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For the G.O.O.D. of the community

Heritage Christian School’s annual serve-a-thon
Heritage Christian students Garrett Sandersfeld, Cody Maddux, Maxwell Kelly and Molly Miller take a moment to relish their labors at Squire Point in North Liberty on Friday, May 11. The kids pulled invasive garlic mustard as part of Operation G.O.O.D. (Giving Of Ourselves Day), an annual serve-a-thon that gives students a hands-on role in fundraising for the school’s annual operating budget while helping their community. (photo by Cale Stelken)

NORTH LIBERTY– Third-graders squealed with excitement as they navigated the thick brush and rolling hills of Squire Point, evading thorn bushes and using downed trees as balancing beams. It was a cool, cloudy morning on Friday, May 11, as the students of Heritage Christian School took part in Operation G.O.O.D. (Giving Of Ourselves Day).
One of three fundraisers for the school, the annual serve-a-thon offered 149 kindergarten through eighth-grade students a more hands-on role in fundraising in which they asked parents, friends and neighbors to sponsor them in a two-hour service project on the first Friday in May. In addition to providing students an early opportunity to lend a hand to their community, the fundraiser, which has been a Heritage tradition for over 15 years, is also designed to support the school’s annual operating budget with a goal of $25,000.
For the last several years, Heritage students have worked alongside the U.S. Army Corp of Engineers (USACE) in the state parks surrounding the Coralville Reservoir. This year saw the kids pulling garlic mustard, a rapidly spreading, invasive weed that crowds native species and secretes toxins that poison fungi.
“I don’t know what’s good or bad; I’m not a plant person!” a little girl wailed as she cautiously pushed through foliage.
The light rain that managed to find its way through the trees didn’t deter the jovial students as they stuffed garbage bags full of the invasive weeds, which are easy to spot this time of year by their brilliant white flowers. A boy even cheered it as his favorite field trip of the year.
After completing their two hours of work, chaperones loaded the remaining bags into the backs of trucks provided by the USACE. The students removed a heaping total of 1,600 pounds of garlic mustard, which translates to an estimated 8.4 million seeds removed from the ecosystem.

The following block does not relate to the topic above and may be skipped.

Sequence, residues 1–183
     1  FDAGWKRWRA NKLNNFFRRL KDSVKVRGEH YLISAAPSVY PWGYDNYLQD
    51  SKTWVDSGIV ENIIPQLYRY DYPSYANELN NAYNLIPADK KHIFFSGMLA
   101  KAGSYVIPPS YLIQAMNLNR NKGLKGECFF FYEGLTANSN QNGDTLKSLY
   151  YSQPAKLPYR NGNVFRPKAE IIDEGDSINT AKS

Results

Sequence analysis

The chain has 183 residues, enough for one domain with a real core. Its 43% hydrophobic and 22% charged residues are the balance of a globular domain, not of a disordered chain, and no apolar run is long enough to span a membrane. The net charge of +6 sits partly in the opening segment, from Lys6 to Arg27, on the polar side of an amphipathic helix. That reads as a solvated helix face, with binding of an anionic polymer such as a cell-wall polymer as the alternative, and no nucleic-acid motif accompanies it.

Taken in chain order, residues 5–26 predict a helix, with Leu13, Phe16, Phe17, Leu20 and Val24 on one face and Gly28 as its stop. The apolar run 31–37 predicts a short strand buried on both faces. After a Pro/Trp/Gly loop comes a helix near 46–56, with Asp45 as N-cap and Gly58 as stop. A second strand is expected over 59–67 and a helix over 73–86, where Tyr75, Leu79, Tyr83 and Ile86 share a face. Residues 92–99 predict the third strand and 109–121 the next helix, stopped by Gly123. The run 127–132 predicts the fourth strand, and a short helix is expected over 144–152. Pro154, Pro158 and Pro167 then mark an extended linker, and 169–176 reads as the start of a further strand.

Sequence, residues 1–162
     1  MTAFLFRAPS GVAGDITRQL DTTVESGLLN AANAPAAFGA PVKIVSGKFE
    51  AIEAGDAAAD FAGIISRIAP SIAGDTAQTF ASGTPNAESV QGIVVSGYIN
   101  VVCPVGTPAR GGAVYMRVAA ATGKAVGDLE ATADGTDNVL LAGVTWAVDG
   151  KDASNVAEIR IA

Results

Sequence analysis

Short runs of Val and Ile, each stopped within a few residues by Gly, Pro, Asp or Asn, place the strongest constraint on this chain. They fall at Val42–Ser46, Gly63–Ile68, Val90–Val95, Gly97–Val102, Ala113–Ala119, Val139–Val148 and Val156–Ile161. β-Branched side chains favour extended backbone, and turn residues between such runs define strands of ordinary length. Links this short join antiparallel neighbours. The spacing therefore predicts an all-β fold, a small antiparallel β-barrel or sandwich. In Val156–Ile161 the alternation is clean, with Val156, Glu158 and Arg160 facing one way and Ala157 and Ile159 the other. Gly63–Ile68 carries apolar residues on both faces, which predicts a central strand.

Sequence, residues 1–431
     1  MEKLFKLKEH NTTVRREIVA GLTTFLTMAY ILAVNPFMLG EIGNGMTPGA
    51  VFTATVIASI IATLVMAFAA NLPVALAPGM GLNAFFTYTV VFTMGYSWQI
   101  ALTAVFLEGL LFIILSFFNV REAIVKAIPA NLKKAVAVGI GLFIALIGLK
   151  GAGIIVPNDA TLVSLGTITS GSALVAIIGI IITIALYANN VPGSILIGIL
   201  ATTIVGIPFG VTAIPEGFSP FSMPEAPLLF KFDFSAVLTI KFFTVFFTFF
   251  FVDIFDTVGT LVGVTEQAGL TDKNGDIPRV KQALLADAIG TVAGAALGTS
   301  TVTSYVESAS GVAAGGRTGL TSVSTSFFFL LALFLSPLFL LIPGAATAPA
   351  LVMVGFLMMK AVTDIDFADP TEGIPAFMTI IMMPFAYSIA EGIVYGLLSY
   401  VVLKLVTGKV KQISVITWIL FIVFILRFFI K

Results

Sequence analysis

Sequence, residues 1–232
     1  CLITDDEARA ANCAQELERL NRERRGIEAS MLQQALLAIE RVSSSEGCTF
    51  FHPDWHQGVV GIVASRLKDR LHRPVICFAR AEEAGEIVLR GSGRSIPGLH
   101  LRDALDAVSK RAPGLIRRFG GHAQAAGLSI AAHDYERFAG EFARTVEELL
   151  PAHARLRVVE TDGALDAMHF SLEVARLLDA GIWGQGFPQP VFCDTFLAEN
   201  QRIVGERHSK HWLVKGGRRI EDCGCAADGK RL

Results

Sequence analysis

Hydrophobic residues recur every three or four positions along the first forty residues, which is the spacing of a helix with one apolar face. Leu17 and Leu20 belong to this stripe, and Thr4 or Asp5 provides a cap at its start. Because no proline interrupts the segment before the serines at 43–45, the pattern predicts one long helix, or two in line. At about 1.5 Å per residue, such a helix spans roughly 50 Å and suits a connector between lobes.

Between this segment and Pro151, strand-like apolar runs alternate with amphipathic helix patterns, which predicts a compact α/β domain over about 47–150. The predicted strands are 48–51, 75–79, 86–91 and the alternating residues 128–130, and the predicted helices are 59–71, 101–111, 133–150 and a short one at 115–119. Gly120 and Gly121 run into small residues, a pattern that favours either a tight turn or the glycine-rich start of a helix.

Meanwhile, at Penn Meadows Park, fourth- through eighth-grade students adorned in their signature blue Heritage T-shirts could be seen carrying large tubs of fresh mulch to the park’s trees. This marked the first year Heritage students worked directly with the City of North Liberty, which provided truck beds piled high for the kids, faculty and parents to distribute. Students also spread mulch at Quail Ridge and Centennial Park. In total, Heritage spread 100 cubic yards of mulch for 350 trees.
At the North Liberty Community Pantry, fourth- through eighth-graders were split between pulling weeds in the community garden and around the building, and working inside, cleaning and organizing. This marked Heritage’s first year working with the pantry, a choice its executive director Kaila Rome welcomes in the future.
“It helps to have groups like that come in and volunteer during times that we’re closed, because they can get a lot accomplished in a short period of time,” Rome said.
“I hope that they continue this project, because it was very helpful for us,” she added. “It was also a lot of those kids’ first time being at the pantry, so it’s good for them to be able to see what we do and think of us if either they know someone in need or have another project that they want to help us out with.”
The school’s 28 pre-kindergarten students also did their part in Operation G.O.O.D. with a canned food drive in the neighborhood directly behind their school. After placing flyers on doors, they collected 53 cans, which translated into 48 pounds of canned food, and delivered them to the North Liberty Community Pantry the following week.
“I think it’s important that our kids gain real experience serving the communities that they live in,” said Head of School Mike Annis, who was also out helping mulch at the city parks. “It’s one thing to teach them about it in the classroom; it’s another thing to give them the actual experience to solidify what we are teaching them.”
The project made a strong showing in 2018. Bringing in a total of $45,248.26 for next year’s annual budget, Operation G.O.O.D. certainly offered students of Heritage a reason to celebrate their labors as the school year comes to a close.
“I want our students to learn how to give back to the community that supports them,” the head of school remarked. “So it’s opportunities like these that we get a chance to do a little bit of that.”